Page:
US EXIM bank to vote on Bahrain oil project, testing US climate pledge

By Thomson Reuters Mar 14, 2024 | 5:06 AM

By Valerie Volcovici

WASHINGTON (Reuters) – The United States export credit agency on Thursday will vote on whether to back a $100 million loan for an oil and gas drilling project in Bahrain, testing a U.S. climate pledge to stop backing projects that expand the use of fossil fuels.

The board of directors at the United States Export-Import Bank is expected to approve the project after voting last month to notify Congress about potentially supporting the expansion of an oil and gas field in the Middle Eastern country with over 400 new oil wells and 30 gas wells.

The EXIM Bank’s loan to Bapco Energies would be out of step with the Biden administration’s pledge to stop public financing of fossil fuel projects overseas, according to Democratic lawmakers opposed to the loan, as well as environmental activists.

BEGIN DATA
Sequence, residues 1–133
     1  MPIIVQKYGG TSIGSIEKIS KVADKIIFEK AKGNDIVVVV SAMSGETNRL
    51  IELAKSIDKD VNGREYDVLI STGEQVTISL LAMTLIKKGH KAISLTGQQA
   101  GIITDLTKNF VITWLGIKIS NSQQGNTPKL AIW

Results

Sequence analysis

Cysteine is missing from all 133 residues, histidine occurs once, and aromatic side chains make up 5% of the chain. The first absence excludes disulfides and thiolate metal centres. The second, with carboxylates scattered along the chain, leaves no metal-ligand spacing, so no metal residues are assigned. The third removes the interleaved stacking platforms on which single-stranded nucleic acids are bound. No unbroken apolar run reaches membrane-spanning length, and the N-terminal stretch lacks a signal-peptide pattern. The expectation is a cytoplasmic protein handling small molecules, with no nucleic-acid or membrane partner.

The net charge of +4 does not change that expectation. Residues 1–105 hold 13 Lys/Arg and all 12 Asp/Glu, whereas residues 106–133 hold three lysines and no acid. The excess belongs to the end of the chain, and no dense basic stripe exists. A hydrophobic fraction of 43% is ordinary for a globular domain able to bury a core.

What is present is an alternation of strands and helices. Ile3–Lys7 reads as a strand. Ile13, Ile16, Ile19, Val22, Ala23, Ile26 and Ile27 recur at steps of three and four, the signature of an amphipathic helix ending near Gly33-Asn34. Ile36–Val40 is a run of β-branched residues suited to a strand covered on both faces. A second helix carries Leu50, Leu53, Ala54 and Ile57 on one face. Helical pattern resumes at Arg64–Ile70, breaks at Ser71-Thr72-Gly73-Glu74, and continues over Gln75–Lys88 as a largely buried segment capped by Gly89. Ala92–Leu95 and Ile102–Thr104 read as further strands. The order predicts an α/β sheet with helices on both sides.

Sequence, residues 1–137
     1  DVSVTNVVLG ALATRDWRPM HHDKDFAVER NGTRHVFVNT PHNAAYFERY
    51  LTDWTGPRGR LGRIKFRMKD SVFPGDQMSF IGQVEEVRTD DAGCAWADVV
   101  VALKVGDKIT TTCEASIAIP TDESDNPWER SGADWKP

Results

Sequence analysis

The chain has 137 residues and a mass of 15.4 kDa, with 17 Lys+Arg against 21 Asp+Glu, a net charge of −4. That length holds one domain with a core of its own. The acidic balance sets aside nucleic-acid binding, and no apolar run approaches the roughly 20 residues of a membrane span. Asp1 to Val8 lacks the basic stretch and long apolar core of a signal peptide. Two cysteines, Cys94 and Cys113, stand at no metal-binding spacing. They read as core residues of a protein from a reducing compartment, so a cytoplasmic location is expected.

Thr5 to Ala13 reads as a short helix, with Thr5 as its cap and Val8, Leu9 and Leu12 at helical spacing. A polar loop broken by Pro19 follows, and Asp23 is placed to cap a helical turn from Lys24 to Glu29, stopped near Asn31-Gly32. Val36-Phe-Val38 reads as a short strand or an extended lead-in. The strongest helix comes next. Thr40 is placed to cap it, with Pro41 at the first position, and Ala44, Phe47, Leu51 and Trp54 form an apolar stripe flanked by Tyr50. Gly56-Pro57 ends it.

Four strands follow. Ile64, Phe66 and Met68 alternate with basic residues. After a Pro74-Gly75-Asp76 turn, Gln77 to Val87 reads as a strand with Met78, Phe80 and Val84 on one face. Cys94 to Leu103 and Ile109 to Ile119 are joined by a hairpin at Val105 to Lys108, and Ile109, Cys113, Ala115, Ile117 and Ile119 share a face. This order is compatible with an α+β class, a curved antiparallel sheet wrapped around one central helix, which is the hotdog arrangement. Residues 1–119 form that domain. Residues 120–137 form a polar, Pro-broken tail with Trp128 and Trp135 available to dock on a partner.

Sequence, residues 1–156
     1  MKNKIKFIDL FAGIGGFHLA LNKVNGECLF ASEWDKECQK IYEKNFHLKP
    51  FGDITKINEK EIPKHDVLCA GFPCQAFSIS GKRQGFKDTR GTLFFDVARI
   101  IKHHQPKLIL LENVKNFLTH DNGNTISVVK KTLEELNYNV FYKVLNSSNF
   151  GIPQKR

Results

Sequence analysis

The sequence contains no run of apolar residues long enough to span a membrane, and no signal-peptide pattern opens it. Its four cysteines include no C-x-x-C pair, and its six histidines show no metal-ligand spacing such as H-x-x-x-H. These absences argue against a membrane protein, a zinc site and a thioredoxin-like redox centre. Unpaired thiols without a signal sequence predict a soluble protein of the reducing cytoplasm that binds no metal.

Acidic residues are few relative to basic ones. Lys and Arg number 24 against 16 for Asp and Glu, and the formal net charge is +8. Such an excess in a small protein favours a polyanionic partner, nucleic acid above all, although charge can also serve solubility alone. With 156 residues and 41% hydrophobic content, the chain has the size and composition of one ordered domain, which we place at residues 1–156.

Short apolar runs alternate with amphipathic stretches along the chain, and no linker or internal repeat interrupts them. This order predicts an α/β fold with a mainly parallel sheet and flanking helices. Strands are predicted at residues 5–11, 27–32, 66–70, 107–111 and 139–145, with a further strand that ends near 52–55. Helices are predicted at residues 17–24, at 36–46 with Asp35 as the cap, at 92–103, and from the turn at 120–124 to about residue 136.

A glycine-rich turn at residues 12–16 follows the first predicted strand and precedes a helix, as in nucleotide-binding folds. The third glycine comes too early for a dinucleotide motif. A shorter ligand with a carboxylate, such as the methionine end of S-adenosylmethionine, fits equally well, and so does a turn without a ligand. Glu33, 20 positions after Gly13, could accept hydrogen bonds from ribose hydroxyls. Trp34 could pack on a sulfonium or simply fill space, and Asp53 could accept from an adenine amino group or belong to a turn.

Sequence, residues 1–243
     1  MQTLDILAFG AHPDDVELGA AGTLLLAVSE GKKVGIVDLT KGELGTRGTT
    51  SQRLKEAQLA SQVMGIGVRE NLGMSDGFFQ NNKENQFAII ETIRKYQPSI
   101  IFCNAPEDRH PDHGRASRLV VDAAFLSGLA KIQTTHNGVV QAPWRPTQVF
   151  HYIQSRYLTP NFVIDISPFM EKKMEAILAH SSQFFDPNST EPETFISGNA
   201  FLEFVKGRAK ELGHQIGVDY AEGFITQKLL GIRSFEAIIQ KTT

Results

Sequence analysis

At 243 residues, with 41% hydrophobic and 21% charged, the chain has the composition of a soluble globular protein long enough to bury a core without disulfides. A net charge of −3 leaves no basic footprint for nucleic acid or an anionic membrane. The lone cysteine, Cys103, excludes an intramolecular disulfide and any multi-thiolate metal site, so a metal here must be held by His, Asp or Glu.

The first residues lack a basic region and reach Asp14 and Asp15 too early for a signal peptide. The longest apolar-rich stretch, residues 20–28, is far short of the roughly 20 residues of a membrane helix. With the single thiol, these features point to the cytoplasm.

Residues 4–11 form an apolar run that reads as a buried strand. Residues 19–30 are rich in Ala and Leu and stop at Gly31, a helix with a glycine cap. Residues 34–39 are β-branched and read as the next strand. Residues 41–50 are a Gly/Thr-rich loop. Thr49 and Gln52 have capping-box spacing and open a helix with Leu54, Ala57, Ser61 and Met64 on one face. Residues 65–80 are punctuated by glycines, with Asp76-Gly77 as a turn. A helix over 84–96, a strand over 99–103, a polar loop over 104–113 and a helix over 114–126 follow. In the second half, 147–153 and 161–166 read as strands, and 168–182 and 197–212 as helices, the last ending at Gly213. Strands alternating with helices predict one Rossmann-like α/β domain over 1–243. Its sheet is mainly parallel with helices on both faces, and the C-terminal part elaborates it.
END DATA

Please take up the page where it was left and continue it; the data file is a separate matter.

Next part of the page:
“We urge you to take EXIM’s mandate to consider the environmental impacts of projects seriously, and to start by disapproving new funding for oil and gas drilling in Bahrain,” Democratic lawmakers wrote in a letter to EXIM’s board members on Tuesday.

EXIM told Reuters in a statement that while it seeks to align with the administration’s climate agenda it also complies with a rule that prohibits it from discriminating based solely on industry, sector or business.

The United States was one of over 30 countries that joined a pledge to end public finance for fossil fuel projects overseas at the COP26 climate conference in Glasgow in 2021.

But the United States, through its export agencies, has approved eight fossil fuel projects totaling over $2 billion since it made that pledge.

An environmental group filed a complaint in December with the Organisation for Economic Co-operation and Development over EXIM’s oil and gas financing deals.

EXIM is also weighing support of fossil fuel projects in Papua New Guinea and Guyana, one of the world’s biggest oil finds being developed by US oil giant Exxon, with votes due later this year.

(Reporting by Valerie Volcovici; Editing by Richard Chang)